U.S. Supreme Court to review issue of whether prisoners may pursue federal civil rights claims against private companies that run prisons under contract with federal agencies; federal appeals courts are currently split on the issue.
The U.S. Supreme Court will review the question of whether private companies running prisons or performing other similar traditional governmental functions for the federal government can be sued for alleged violations of constitutional rights committed by their employees. The lawsuit chosen for review involves a prisoner suffering from congestive heart failure who suffered a heart attack, fell down, and suffered various injuries after he was allegedly denied the use of an elevator and forced to walk up the stairs to a fifth-floor room in a halfway house in New York operated by a private company under a contract with the Federal Bureau of Prisons.
The federal appeals court ruled that the prisoner's lawsuit could proceed to trial against the private company, rejecting its argument that the lawsuit should be barred under the reasoning of FDIC v. Meyer, 510 U.S. 471 (1994), holding that federal civil rights claims for violations of constitutional rights may not be brought against agencies of the federal government, as they may against individual federal employees pursuant to Bivens v. Six Unknown Named Agents of Federal Bureau of Narcotics, 403 U.S. 388 (1971).
The appeals court found that the reasoning of Meyer did not apply to a lawsuit against a private corporation, since it was not a federal governmental agency. In reaching this conclusion, the appeals court disagreed with another federal appeals court, see Kauffman v. Anglo-American School of Sofia, 28 F.3d 1223 (D.C. Cir. 1994) (Meyer bars Bivens claim against private entity acting under color of federal law), but agreed with the court in Hammons v. Norfolk Southern Corp., 156 F.3d 701 (6th Cir. 1998) (holding that "nothing in Meyer prohibits a Bivens claim against a private corporation that engages in federal action."). The U.S. Supreme Court will now resolve this disagreement between the federal courts of appeal. Malesko v. Correctional Services Corp., #99-7995, 229 F.3d 374 (2nd Cir. 2000), full text: <www.tourolaw.edu/2ndCircuit>, cert. granted, Correctional Services Corp. v. Malesko, #00-860, 2001 U.S. LEXIS 1967.
Family of 12-year-old girl raped and murdered by escapee from Washington state juvenile group home could sue state, county, and group home operators for damages on claims that escapee should have been in a more secure facility and more adequately supervised because of his past history of burglaries.
A Washington state juvenile probationer living in a group home youth facility because of his juvenile burglary conviction escaped and raped and murdered a 12-year-old girl who was babysitting at a neighbor's house. Her assailant was later convicted of murder. The deceased girl's family sued the state, the county, and the nonprofit corporation that operated the group home facility at which the assailant was placed.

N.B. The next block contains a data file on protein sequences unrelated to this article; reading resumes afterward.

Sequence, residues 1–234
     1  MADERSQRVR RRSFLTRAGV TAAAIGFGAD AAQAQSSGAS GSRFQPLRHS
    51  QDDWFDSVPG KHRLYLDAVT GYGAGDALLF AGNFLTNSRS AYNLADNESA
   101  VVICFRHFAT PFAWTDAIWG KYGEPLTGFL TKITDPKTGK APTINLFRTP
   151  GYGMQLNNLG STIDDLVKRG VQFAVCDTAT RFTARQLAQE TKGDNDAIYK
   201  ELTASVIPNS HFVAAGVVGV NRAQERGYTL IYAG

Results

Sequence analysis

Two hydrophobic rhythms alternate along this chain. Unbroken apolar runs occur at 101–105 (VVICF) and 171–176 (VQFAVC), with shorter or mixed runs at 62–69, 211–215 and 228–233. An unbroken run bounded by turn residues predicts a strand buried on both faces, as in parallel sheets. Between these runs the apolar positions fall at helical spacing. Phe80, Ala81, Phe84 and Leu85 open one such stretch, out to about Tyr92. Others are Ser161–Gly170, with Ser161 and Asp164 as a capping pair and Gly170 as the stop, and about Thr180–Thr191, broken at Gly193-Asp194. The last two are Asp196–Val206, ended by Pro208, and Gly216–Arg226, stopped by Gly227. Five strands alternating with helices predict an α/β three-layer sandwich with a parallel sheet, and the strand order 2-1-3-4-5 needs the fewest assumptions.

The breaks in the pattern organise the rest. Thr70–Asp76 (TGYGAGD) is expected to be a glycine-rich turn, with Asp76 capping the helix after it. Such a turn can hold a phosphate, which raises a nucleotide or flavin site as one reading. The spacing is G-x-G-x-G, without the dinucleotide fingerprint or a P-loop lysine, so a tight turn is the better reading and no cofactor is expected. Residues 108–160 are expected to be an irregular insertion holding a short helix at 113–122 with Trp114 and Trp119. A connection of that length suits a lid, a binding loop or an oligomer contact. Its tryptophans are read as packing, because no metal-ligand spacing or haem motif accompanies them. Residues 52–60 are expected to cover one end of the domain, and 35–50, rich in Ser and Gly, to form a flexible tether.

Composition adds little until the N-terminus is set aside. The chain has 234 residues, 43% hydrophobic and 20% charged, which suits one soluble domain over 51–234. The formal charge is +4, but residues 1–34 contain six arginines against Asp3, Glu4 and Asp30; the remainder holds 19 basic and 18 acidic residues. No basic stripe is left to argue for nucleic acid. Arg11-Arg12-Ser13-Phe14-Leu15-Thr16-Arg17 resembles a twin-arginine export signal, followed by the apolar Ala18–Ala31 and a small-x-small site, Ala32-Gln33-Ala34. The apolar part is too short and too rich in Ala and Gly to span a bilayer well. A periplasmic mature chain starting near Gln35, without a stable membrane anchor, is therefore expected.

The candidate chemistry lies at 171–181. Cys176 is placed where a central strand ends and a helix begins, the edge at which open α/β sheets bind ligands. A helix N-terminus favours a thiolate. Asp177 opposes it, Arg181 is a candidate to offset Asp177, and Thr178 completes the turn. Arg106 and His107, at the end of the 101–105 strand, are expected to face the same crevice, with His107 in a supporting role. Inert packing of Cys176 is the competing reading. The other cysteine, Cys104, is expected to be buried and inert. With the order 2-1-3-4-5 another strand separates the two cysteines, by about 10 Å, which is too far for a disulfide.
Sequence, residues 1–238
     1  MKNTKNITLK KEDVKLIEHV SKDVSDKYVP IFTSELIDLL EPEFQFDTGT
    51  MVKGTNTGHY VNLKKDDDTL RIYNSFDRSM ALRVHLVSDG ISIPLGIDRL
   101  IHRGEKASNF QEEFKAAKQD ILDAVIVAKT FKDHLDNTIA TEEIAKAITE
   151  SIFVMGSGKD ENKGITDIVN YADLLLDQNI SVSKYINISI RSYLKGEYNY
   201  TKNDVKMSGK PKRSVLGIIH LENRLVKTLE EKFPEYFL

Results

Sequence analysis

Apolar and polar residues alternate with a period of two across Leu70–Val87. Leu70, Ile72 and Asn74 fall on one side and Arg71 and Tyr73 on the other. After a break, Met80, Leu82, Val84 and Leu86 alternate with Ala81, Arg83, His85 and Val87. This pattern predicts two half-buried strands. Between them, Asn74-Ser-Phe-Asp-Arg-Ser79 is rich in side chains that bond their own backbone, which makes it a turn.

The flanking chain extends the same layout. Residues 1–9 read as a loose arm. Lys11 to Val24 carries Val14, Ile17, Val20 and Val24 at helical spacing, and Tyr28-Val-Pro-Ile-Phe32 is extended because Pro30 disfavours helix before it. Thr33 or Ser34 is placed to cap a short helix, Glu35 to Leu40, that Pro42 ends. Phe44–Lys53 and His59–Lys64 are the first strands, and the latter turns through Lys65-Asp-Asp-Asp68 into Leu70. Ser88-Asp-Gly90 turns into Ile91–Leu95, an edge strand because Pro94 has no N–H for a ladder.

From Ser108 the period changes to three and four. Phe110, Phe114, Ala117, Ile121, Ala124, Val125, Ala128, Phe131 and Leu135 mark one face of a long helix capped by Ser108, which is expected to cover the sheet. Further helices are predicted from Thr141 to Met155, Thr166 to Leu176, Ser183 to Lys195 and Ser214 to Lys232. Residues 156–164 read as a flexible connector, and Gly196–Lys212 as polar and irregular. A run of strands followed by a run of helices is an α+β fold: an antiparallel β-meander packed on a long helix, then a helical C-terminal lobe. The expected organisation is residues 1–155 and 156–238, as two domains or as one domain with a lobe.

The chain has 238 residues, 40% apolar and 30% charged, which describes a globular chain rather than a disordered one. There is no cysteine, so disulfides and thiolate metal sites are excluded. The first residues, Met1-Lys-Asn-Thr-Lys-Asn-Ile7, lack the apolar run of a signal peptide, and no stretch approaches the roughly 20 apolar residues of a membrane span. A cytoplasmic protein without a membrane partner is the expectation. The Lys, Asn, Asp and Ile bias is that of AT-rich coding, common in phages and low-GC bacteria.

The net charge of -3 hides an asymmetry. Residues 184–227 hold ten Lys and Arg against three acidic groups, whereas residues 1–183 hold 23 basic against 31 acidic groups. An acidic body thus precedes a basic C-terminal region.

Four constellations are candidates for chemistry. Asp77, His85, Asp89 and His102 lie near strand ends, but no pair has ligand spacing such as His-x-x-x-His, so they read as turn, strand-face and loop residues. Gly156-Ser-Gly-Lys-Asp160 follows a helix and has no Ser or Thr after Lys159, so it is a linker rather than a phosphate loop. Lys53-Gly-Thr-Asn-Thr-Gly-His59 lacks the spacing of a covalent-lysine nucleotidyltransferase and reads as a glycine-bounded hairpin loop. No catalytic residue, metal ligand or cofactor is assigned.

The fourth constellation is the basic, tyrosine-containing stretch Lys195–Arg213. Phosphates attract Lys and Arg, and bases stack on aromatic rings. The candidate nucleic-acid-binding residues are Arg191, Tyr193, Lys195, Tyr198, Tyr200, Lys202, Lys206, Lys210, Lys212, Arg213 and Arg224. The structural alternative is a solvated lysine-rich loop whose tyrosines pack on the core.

The lawsuit asserts that the state should have kept the assailant in a more secure facility because of his history of criminal misconduct, which included prior violent conduct. It further asserts that the state and the facility inadequately supervised him, and that the county failed to disclose information that would have better identified him as presenting a threat of violence.
The trial court dismissed the lawsuit. An intermediate Washington state appeals court reinstated the lawsuit, rejecting the argument that the defendants were not liable because the assailant's actions were not foreseeable. "The escape and subsequent rape and murder" of the 12 year-old by "a person convicted of burglary are not wholly beyond the range of expectability." The court noted that in Hertog v. City of Seattle, #66136-7, 979 P.2d 400 (1999), full text: <www.courts.wa.gov/opinions/>, it was held foreseeable that a "supervised individual would commit rape where that individual had been convicted of exposure and was later charged but not yet convicted for a sexually motivated burglary."
In this case the assailant had four burglary convictions and committed the rape and murder "in the course of another burglary," so that the "question of foreseeability" is a "matter for the jury," and summary judgment was improper. Jones, Estate of, v. State of Washington, No. 45303-3-1, 15 P.3d 180 (Wash. App. 2000).
New York correctional officials should not have denied Shi'a Islam's grievance requesting separate religious services on the basis of advice from a Sunni Islam clergyman.